14 September 2006

If our socks could talk...

" 'There, that's finished,' Mama said. She stood and held her knitting up to the window. It was a gray stocking for Papa.... A year ago those stockings had been crinkly wool on the back of one of those merinos. Papa had sheared the fleece from the sheep's back, and Mama had washed it and combed it smooth with her spiky-toothed carding brushes. Then she had spun it into yarn on her spinning wheel. And now that yarn had been knitted into a pair of stockings.

"Charlotte looked at these stockings, flat and soft and gray in Mama's hands. It seemed to her they were made of more than just wool. There were words and thoughts knitted into them like the tiny prickles of grass seed that sometimes stayed stuck in the wool even after it had been washed and carded and spun. All the words that had been spoken while Mama's quick hands made the needles cross and uncross around the endless strand of wool -- all those words about the war, and Mr. Madison, and the cannon-heavy ships -- they were all there, knitted into Papa's stockings."
(From Little House by Boston Bay, by Melissa Wiley)

I imagine the stockings in the book looked a little like this.

Reading that passage inspired me to start a pair of sensible socks. I have no sheep, no roving to card, no handspun wool, so I picked a sensible-looking skein from my stash, in this case some Regia:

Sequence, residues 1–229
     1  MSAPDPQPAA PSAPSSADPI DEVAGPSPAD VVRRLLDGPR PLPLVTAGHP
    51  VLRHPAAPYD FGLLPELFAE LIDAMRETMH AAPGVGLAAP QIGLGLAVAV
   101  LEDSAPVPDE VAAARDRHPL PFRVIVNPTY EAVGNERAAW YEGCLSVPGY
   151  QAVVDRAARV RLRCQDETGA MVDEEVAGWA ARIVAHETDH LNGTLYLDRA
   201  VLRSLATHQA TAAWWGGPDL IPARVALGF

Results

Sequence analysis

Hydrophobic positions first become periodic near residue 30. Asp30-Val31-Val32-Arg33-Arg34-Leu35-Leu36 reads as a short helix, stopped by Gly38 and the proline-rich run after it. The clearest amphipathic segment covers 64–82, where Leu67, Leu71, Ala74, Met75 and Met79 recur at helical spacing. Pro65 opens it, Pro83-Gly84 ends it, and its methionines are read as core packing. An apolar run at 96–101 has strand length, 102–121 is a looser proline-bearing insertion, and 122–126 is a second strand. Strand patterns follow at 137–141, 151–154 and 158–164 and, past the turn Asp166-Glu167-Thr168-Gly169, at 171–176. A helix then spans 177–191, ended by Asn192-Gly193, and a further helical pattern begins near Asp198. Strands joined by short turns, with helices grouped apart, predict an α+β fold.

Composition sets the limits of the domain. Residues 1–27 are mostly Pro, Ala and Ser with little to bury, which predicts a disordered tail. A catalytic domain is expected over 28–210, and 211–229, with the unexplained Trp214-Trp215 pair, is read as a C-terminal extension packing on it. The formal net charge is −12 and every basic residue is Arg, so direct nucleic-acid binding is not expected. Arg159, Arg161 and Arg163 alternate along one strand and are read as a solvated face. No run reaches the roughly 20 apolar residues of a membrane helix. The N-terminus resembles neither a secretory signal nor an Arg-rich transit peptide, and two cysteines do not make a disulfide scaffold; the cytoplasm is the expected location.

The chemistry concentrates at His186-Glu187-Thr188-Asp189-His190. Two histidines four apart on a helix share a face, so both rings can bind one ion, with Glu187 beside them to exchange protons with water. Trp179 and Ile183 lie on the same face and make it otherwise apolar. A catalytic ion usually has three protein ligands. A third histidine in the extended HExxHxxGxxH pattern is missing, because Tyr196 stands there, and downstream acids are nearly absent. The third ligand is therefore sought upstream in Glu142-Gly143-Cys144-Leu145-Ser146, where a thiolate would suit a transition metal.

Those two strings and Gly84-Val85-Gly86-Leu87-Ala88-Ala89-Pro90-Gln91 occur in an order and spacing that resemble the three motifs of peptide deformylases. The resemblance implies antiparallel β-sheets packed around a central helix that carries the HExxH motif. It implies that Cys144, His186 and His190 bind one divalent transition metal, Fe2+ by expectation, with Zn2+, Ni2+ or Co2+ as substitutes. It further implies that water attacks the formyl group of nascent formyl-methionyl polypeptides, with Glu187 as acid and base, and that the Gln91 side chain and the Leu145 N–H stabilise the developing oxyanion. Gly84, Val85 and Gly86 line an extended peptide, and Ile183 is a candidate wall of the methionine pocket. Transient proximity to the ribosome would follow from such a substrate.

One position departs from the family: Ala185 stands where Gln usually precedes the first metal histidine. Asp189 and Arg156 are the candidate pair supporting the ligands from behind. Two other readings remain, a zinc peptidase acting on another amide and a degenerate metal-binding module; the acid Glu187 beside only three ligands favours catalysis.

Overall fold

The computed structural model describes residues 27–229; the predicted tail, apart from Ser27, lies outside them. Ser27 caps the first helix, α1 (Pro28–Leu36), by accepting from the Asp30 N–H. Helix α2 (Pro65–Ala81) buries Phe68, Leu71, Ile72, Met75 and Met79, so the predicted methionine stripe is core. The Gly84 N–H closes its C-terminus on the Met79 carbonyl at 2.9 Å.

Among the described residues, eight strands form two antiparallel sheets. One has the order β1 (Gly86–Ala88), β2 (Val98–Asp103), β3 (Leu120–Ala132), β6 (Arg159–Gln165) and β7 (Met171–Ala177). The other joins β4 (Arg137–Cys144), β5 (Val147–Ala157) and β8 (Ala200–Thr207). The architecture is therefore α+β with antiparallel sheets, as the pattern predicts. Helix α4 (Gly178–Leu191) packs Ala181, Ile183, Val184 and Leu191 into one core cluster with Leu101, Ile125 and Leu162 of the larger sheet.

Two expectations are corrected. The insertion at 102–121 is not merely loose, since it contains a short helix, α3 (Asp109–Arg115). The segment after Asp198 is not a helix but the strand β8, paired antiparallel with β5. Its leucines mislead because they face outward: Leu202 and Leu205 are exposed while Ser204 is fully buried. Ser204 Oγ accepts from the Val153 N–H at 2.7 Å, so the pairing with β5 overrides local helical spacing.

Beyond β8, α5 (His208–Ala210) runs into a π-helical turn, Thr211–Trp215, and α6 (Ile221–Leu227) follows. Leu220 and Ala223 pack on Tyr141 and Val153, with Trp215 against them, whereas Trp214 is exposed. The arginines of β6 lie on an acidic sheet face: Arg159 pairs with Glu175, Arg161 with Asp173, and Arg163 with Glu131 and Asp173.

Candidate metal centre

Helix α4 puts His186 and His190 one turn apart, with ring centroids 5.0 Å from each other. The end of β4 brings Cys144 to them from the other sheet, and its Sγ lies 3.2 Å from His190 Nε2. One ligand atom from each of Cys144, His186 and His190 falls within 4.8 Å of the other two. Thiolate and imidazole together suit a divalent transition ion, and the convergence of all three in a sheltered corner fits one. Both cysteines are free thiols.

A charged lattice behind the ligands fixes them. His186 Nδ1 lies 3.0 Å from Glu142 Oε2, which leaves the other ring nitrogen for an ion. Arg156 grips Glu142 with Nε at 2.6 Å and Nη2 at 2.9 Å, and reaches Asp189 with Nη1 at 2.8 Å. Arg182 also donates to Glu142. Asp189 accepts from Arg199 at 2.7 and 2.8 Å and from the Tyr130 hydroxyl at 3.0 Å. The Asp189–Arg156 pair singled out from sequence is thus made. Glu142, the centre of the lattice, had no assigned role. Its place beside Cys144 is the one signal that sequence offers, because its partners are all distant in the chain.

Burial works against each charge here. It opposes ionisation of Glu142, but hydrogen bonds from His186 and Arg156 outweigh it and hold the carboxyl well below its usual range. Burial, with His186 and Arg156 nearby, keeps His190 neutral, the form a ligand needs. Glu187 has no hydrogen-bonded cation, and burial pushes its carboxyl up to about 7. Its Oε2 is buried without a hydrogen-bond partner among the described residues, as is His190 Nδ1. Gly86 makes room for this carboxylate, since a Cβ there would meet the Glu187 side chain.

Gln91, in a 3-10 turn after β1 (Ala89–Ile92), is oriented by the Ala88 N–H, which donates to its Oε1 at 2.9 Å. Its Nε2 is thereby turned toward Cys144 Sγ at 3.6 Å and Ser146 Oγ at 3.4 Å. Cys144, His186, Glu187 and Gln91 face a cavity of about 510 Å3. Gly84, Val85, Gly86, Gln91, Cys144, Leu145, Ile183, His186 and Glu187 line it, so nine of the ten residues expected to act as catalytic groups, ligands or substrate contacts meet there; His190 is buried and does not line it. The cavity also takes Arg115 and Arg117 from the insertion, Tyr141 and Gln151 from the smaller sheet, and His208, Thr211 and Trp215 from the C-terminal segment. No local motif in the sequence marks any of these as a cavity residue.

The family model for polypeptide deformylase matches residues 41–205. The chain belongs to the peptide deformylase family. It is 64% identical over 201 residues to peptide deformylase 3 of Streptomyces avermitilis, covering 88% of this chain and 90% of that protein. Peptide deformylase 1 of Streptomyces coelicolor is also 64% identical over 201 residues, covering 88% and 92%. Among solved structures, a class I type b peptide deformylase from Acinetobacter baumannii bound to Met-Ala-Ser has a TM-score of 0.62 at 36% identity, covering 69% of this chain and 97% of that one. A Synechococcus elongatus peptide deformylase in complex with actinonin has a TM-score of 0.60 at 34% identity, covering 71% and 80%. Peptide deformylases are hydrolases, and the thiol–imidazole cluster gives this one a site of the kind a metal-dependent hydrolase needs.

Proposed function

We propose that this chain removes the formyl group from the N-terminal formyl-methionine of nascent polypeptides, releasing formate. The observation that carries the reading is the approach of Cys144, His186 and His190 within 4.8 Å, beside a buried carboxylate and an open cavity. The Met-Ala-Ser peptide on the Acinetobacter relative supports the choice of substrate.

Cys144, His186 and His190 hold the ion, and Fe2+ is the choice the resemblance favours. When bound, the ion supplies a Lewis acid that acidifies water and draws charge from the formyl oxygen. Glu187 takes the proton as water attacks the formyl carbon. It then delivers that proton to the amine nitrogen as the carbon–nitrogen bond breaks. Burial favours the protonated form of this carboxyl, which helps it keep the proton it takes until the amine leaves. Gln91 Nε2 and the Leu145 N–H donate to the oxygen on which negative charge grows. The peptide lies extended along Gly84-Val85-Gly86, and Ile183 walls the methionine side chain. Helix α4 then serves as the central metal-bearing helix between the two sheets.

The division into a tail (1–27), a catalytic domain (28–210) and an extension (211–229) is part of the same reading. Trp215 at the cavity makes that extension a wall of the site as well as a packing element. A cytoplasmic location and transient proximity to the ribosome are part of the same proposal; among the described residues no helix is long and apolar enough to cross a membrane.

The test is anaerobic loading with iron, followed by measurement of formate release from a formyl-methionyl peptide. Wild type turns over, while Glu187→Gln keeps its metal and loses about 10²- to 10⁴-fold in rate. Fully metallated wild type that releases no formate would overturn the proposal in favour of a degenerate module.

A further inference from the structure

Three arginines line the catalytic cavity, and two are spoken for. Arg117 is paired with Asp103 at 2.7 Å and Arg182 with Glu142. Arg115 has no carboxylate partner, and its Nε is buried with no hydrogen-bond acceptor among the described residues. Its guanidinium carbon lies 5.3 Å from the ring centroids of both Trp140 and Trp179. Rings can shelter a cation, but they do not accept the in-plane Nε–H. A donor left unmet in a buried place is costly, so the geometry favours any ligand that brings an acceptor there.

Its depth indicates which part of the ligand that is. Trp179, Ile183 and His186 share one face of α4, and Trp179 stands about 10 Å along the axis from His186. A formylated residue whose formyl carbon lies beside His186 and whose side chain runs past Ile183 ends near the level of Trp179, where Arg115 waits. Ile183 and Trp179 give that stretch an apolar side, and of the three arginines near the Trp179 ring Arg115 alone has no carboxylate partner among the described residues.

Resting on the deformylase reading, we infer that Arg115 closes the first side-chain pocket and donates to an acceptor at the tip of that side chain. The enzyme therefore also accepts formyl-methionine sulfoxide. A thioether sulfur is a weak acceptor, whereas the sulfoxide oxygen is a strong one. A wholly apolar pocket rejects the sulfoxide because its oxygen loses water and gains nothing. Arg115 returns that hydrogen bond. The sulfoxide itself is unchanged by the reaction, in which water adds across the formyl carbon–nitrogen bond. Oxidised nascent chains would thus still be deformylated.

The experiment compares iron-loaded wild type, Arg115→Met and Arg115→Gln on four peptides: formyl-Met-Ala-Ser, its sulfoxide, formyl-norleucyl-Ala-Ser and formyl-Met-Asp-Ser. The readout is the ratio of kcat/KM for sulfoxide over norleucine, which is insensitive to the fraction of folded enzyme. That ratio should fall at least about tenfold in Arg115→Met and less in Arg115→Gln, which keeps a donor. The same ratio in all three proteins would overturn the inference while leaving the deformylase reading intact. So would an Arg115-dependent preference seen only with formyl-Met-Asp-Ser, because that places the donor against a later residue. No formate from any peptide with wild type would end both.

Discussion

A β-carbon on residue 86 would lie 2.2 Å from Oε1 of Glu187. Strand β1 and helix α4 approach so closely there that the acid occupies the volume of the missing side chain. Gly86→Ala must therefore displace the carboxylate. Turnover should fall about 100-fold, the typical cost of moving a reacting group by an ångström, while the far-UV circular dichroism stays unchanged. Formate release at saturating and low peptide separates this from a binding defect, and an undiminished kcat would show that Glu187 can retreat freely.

I think knitting toe-up socks is ever so much more sensible than top-down. Top-down always strikes me as backwards and queer.

In any case, if these socks could talk, I don't know what they'd say about the sheep, or the spinning with polyamide. I imagine the conversation would be in German or Italian, though. The skein travelled through WEBS yarn store, so it was in the same state (Massachusetts) as the stockings in the above passage.

And those green needles? I don't even know where they're from. I got them from my grandma, who got them from another lady at the Assisted Living Facility. They're not even a matched set anymore.

As I knit, the socks are now able to quote from Darmok and Jalad at Tenagra (don't knock it -- that episode features Picard doing an extemporaneous telling of Gilgamesh, and also shows him reading the Homeric hymns in Greek -- a classical ed. goldmine!). They've been to dance class and met a woman who spent $800 on Sonlight curriculum for 2 of her kids this year (she was carrying a very nice Sonlight tote bag; the socks were the conversation starter, but that tote bag got us into the homeschool discussion). They have been to the playground.

Today they will go to swim class. From there, who knows? The world is open.


Pensguys said...

I LOVED this post!!!

Which toe up method do you use? I've been experimenting with a couple (Figure 8 cast on and provisional like Wendy aka WendyKnits) but can't seem to get it either way. So for now, it is top down since I have a deadline to meet (my friend's birthday).

Mother Crone's Homeschool said...

I love that section of Wiley's book. When you think of it like that, they become almost sacred. I know there are only few folks I will knit or crochet gifts for because they just appreciate all the love that has gone into making the gift.

Your socks travels remind me of the posting of the Yarn Harlot, with pics of her socks all over the place! Poor woman though...$800 on Sonlight...yikes!